Elaine M. Teixeira recently spoke with Frank Nerli, who resides in Redwood City with his wife, Millie, a native of Massachusetts. Frank is the last surviving immediate member of his family.
The History of the Nerli Family
by Elaine M. Teixeira
Paolo (Paul) Nerli arrived on the coastside in 1889Â and joined his brother, Guiglielmo (William)Â who was farmingÂ the “Martini Ranch”, in Montara.Â He later sent for his bride, Isola Piegaia,Â Â He then began farmingÂ in LobitosÂ and the couple residedÂ on the property.Â
In 1925, they relocated to a farm across from the present airport property, near the northern entrance to Princeton; the house no longer is standing and the landÂ isÂ now farmed by David Lea.Â Â Their family consisted of four sons and two daughters:Â Ida, her first marriage was to a member of the Romani family, Gino, who married Norma Rossi, from Moss Beach, Pia, who married Roy Torre of Moss Beach, Frank , his first wife was Lena Gianelli,Â of Half Moon Bay, George and Edward, who married Barbara Valladao.Â In the 1930’s the NerliÂ son. George, who was operating a fishing boat out of Monterey, wasÂ lost at sea;Â no evidence of what occurred to him or the boat was ever found.Â His name is listed on a plaque in Princeton, which honors those lost at sea, from the local fishing industry.
In 1928, the familyÂ moved to Moss Beach, where Paolo bought property on Vermont Ave., nearÂ the current location of Hwy One, Â across from the Moss Beach Club.Â On part of the property stood a barn which had been used by the Ocean Shore Railroad.Â When theÂ railroad was in operation, there was a side track that came to the barn from the nearby mainÂ track.Â The train wouldÂ pick up produce brought to the barn by local farmers for shipment to San Francisco.Â Paolo tore down the barn, except for one wall, which was left standing to assist in the building of a blacksmith shop.Â The remaining lumber he used toÂ buildÂ aÂ home on the property.Â His daughter, Pia, and her husband, Roy Torre,Â later built a home on Vermont, adjacent to the Nerli property. Later, Isola’s brother, Guiglielmo and Ida Piegaia resided in theÂ home and, after,Â Albert and Pat Bertolucci.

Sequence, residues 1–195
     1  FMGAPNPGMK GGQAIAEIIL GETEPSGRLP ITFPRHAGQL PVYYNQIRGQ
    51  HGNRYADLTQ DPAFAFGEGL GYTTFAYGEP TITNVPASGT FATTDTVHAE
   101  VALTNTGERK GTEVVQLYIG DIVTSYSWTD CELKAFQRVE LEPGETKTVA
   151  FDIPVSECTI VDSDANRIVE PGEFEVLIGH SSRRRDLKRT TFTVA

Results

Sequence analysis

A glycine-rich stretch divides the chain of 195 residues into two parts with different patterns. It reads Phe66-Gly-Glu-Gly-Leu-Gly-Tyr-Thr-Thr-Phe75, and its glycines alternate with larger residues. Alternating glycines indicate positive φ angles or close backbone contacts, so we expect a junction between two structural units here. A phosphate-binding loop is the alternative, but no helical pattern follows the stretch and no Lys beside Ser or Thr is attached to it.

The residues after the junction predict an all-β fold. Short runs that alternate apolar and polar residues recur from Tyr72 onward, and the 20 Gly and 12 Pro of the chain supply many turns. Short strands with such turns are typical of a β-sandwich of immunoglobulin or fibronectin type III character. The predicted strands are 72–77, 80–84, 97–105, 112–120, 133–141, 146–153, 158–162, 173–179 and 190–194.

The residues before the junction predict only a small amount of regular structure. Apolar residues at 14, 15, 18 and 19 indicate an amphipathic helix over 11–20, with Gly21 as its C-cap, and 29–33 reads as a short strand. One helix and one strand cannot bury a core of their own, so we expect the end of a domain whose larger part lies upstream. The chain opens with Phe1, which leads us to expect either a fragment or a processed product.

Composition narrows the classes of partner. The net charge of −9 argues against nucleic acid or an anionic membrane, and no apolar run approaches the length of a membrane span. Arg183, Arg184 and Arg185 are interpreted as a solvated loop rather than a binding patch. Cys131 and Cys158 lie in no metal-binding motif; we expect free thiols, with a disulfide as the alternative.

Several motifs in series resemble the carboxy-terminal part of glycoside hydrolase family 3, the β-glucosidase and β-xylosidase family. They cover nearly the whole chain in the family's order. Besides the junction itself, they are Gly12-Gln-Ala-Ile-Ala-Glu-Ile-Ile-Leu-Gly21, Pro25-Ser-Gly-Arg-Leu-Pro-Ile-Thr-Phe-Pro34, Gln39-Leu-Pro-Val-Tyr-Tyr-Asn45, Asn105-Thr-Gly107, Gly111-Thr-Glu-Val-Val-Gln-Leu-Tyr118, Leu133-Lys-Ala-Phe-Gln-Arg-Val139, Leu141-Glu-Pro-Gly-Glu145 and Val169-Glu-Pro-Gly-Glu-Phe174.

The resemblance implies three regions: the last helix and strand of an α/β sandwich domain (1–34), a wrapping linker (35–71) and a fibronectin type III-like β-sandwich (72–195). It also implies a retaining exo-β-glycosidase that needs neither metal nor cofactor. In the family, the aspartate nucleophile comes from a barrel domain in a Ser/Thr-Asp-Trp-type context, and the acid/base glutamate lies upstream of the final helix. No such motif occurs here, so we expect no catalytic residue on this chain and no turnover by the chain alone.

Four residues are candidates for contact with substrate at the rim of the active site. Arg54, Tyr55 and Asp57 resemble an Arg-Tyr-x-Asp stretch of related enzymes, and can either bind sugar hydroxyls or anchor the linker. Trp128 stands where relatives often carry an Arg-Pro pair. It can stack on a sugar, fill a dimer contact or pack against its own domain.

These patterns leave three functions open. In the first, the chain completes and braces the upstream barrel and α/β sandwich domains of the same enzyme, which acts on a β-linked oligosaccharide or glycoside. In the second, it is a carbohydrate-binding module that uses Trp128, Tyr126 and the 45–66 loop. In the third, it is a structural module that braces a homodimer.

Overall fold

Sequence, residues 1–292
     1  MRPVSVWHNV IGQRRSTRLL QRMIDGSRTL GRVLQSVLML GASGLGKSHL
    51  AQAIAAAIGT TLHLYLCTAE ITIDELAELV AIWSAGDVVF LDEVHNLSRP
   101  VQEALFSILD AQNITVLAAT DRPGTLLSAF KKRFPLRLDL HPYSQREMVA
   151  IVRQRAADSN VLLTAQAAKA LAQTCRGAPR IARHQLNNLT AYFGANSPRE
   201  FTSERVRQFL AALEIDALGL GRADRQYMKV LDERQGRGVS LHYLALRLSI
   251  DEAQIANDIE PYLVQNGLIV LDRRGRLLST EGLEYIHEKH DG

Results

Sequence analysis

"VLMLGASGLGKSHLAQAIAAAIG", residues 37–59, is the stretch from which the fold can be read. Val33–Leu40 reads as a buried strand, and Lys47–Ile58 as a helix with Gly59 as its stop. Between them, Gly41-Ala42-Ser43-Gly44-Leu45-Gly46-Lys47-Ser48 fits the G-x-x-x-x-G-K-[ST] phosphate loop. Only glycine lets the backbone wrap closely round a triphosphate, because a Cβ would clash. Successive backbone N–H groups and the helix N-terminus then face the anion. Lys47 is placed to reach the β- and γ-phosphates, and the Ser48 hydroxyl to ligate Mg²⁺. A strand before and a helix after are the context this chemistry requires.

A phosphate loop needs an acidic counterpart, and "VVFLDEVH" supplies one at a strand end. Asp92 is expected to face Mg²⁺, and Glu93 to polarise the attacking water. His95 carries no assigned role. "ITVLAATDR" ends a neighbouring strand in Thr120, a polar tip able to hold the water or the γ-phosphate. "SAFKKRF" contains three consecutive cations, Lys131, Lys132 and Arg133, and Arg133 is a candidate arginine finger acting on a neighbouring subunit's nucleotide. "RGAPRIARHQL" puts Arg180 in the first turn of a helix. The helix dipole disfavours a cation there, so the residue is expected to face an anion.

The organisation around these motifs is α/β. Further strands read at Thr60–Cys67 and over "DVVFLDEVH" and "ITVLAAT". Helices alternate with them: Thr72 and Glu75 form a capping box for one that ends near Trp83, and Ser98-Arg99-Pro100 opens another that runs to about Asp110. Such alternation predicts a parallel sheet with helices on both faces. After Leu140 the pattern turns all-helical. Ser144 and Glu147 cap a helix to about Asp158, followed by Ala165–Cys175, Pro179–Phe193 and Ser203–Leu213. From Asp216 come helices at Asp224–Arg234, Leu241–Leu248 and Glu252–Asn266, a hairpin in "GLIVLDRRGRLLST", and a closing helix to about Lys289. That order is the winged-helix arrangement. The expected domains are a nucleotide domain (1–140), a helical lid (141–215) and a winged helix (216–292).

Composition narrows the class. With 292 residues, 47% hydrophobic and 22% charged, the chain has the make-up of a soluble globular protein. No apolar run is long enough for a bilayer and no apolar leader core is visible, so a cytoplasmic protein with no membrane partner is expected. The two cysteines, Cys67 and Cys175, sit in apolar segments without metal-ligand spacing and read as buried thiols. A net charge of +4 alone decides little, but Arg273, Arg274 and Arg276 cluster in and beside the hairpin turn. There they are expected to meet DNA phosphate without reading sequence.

In 1938, the Nerli’sÂ decided to operate a business in Princeton in a small structure on Petroni property, across the road from aÂ seafood standÂ which wasÂ operated in the 1930’s by the Bettencourt family andÂ later became Hazel’s Sea Food; today, it is the location of Barbara’s Fish Trap.Â The building had a bar and Paolo added to the structure,Â a kitchen and dining room.Â Paolo, his wife and twoÂ younger sons lived upstairs. Â They hired a cook and started up their business operation, serving Italian dinners.Â Eventually, their daughter, Pia, worked as a waitress in the business, along with several other coastside women,Â and their son, Frank, was the bartender.Â The oldest son, Gino, served as a replacement bartender on weekends.Â They operated the business until 1958.Â Paolo and his wife sold the business, trading it for a home across the bay, where they resided for a year or two.Â
They later returned to the coastside to live out their remaining years; both died during the 1960’s.Â Later the restaurantÂ site remained closed for several years and was finally torn down and the area served as a parking area.Â Today, it is the site of the Pillar Point Inn.
Corrections from Lorraine Piegai
Corrections; I will have to find records of proof; but, I believe my in-law-parents, Guglielemo and Ida Marie ( Romani ) Piegaia were living in the house, on the Paolo Nerli property you mentioned at the north end of El Granada, across Hiway I, east of the airport from about 1923 – 1942-3. My husbands’ father first came to the Coastside from Italy in 1904; and worked as a farm laborer, with/for his sister, Isola ( Piegaia ‘s ) husband, Paolo Nerli for many years until he retired and the family moved to Moss Beach. Like many others’ he had returned to Italy to marry Ida ( pronounced Eda ) Marie Romani in Jan 1921; and, they came back to the Coastside to set up household, work the artichoke and brussel sprout ranch; and, raised a family of three children, Irene ( who also worked in the Patroni House ); Reno and George.
Also, after the Nerli family sold their restaurant/bar business named, The Patroni ( not P E troni ) House it was operated for a few years as the Harbor House, with lively Saturday night dances many local residents attended and enjoyed, before it was finally torn down.
I agree Frank Nerli the oldest son had served there as a bartender for his father; but, the other bartender mentioned was not an older Nerli son; he was a son-in-law, if it was Gino.
Thanks for making corrections, Lorraine